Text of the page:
H. pylori and Parkinson’s Disease


Helicobacter Pylori (H. pylori) is a bacterium often present in upper GI tract in gastric ulcers. This bacterium has been shown to compromise levodopa absorption in the gut, thus limiting its effect. Levodopa with carbidopa (Sinemet) is often a drug of choice for patients with PD and for good reasons.

Sinemet is a dopamine agonist and helps many patients with PD improve mobility, minimize bradi and akinesia. Many patients rely on it heavily for daily functional mobility; thus if the action of this medication is compromised by patient’s enteral system due presence of H. pylori, then the symptoms of PD prevail.

So how prevalent is H.pylori infection in patients with PD? According to Hashim, H. et al, they found 32.9% of their study sample tested positive for H. pylori. Using C-urea breath test (UBT) is a non-invasive and not expensive way to test for presence of H. pylori in the gut. Eradication of this bacterium is also somewhat simple. Usually, the doctor prescribes the “triple therapies,” which includes one proton pump inhibitor and two antibiotics.

Hashim’s study revealed findings at six and 12 weeks to be very positive. Patients who tested positive for H. pylori via UBT and undergone standard tripe therapy eradication improved their mobility, motivation, ADLs, gait, “ON” time and overall quality of life as noted in standardized tests such as PDQ-39, UPDRS and others.

Though association between H. pylori and Parkinson’s disease (PD) is increasingly recognized, still very few patients actually undergo testing and its eradication. As therapists, we should be aware of this finding and advocate for our patients.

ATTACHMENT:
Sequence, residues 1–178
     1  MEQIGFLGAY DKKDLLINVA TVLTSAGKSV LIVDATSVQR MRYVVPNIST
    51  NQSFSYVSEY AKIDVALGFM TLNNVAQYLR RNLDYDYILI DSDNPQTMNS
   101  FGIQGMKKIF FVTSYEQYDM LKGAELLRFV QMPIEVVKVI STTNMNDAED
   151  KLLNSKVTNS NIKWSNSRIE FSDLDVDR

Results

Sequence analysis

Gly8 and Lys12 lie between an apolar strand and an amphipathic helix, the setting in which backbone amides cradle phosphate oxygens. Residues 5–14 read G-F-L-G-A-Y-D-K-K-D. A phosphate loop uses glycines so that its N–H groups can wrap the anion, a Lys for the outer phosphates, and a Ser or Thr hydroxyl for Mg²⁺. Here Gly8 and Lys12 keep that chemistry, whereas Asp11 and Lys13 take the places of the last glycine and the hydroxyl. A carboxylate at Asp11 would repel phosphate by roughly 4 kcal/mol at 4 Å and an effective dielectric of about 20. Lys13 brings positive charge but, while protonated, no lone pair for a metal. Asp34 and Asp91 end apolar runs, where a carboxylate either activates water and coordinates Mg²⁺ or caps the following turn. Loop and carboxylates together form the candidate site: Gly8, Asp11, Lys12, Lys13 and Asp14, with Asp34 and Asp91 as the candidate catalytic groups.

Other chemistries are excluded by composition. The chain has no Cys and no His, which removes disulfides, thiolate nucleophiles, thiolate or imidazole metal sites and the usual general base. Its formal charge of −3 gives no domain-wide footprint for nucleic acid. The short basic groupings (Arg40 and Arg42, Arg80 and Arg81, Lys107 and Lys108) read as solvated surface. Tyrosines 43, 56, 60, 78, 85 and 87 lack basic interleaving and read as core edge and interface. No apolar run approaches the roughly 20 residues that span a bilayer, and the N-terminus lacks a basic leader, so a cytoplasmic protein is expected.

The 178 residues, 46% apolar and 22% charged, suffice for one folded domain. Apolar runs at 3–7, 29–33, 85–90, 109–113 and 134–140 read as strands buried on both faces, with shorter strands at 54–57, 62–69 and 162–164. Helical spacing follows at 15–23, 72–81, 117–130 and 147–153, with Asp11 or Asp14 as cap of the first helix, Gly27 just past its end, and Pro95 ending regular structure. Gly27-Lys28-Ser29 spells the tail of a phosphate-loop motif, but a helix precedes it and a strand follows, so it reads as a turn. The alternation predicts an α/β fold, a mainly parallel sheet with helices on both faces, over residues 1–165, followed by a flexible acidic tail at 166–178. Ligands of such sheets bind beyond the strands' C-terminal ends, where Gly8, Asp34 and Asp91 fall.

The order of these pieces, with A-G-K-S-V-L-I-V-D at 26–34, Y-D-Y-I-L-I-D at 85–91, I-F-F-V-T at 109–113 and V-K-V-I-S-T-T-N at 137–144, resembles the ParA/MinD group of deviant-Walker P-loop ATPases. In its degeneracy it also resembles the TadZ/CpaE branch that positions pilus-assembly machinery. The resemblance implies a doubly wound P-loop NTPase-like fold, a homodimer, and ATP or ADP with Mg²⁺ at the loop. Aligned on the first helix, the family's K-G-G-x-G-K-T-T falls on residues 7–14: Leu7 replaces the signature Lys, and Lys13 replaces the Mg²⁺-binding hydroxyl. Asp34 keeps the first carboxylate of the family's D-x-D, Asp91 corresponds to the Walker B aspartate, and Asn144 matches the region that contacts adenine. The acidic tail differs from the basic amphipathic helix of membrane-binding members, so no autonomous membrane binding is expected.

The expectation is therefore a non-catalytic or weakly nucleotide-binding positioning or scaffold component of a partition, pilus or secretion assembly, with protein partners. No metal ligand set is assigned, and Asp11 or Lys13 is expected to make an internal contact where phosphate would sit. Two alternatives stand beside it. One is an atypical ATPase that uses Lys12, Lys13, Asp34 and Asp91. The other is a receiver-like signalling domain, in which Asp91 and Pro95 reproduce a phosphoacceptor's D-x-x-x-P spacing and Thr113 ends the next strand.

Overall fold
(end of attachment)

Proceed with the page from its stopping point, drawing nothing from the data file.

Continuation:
1. Hashim, H., Azmin, S., Razlan H., et al. Eradication of helicobacter pylori infection improves Levodopa Action, clinical symptoms, and quality of life in Patients with Parkinson’s Disease. PLosONE9 (11) 2014.

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About Author

Viktoriya Friedman
Viktoriya Friedman

Viktoriya Friedman is a board certified clinical exercise expert on exercise for aging adults (CEEAA). Her primary clinical interest has been working with adult and geriatric patients living with diagnoses of idiopathic PD, atypical PD, ataxia and MS. In this capacity, Viktoriya developed the first skilled nursing facility (SNF)-based telemedicine program for Parkinson’s (PD) and other movement disorders. She started a community-based outreach program to promote exercise for patients with movement disorders: ParkFIT. As an LSVT BIG certified clinician she evaluates and provides specialized treatment for patients with idiopathic PD and PD-like disorders. Currently working at Office of Mental Health (OMH), Viktoriya is treating patients with medication/drug-induced gait and balance disorders. As a Director of Rehabilitation Services for nine years prior, she focused on value based outcome services, ethical clinical decision making, program and staff development, as well as specialized program development to improve quality of rehabilitation care provided. Viktoriya graduated from Boston University Sargent College in 2003 and is currently pursuing her DPT at Arcadia University.

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